Christmas contrasts

Here's a contrast to a story we posted yesterday: Church shuns decorations to help the poor. This is an Associated Press story: Some churches stage 'mega-Nativities'

Not content with simple, static manger displays, some churches are turning the familiar Christmas Nativity scene into elaborate "mega-Nativities" with detailed costumes and more action. ...

The Nativity productions range from about 70 actors and support workers in Mill Hall, Pa. — population 1,375 — to a $40,000 extravaganza with a giant, holographic Angel Gabriel at the Seventh-day Adventist Church’s headquarters in Silver Spring, Md.

The shows, many of which are free, can seem like a Christmas pageant crossed with a Renaissance fair. ...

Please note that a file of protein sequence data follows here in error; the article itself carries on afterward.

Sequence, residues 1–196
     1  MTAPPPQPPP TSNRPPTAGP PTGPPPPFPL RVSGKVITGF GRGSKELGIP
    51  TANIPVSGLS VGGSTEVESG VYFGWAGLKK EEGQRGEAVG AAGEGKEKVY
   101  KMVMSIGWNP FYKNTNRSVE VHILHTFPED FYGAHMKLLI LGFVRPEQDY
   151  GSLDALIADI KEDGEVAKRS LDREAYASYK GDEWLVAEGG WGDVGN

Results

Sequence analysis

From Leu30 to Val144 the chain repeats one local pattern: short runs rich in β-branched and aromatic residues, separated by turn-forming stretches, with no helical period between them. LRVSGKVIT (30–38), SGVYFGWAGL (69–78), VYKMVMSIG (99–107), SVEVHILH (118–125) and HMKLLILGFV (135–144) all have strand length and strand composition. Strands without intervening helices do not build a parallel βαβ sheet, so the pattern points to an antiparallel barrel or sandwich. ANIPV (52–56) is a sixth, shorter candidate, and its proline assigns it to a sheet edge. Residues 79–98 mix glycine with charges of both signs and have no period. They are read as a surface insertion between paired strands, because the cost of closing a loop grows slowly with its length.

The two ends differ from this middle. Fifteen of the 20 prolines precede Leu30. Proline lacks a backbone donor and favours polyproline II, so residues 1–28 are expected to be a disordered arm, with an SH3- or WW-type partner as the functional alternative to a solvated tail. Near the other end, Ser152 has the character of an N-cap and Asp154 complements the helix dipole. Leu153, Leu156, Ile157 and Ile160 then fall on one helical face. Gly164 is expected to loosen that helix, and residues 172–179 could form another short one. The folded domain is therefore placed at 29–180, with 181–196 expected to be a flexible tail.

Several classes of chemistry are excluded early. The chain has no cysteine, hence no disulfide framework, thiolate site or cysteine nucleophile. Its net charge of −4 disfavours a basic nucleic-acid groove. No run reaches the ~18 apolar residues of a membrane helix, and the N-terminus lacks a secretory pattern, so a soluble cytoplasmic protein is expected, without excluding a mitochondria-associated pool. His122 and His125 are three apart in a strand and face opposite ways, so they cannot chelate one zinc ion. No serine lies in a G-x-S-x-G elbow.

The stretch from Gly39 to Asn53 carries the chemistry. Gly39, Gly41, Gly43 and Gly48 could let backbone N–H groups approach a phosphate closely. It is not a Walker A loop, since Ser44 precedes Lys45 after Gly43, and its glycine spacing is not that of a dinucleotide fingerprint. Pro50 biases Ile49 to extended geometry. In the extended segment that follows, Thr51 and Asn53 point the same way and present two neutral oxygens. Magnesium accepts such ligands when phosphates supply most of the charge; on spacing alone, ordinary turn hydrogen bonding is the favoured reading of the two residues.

At Emmanuel Baptist Church in Alexandria, La., for instance, visitors are guided on a "Pilgrimage to Bethlehem" by the character Abraham of Jericho, who walks the audience through scenes of beggar children stealing fruit or Roman soldiers arresting a man who refuses to carry their packs.

I don't want to suggest that the first story of the chruch that didn't spend $300 on poinsettias and stocked its food pantry instead is supperior. I can understand people in the second story who called the mega-shows "ministry." After all, the recent National Catholic Youth Convention, was certainly an expensive, ministry-inspired spectacle; and I could name many more.

Still I appreciated these words:

In Pennsylvania, members of Mill Hall Church of Christ, which averages about 115 people at Sunday services, worried their early December event might be seen as frivolous during the tough economic times, director Candice Packer said.

"We prayed, 'Let this be a good outreach,' " she said.

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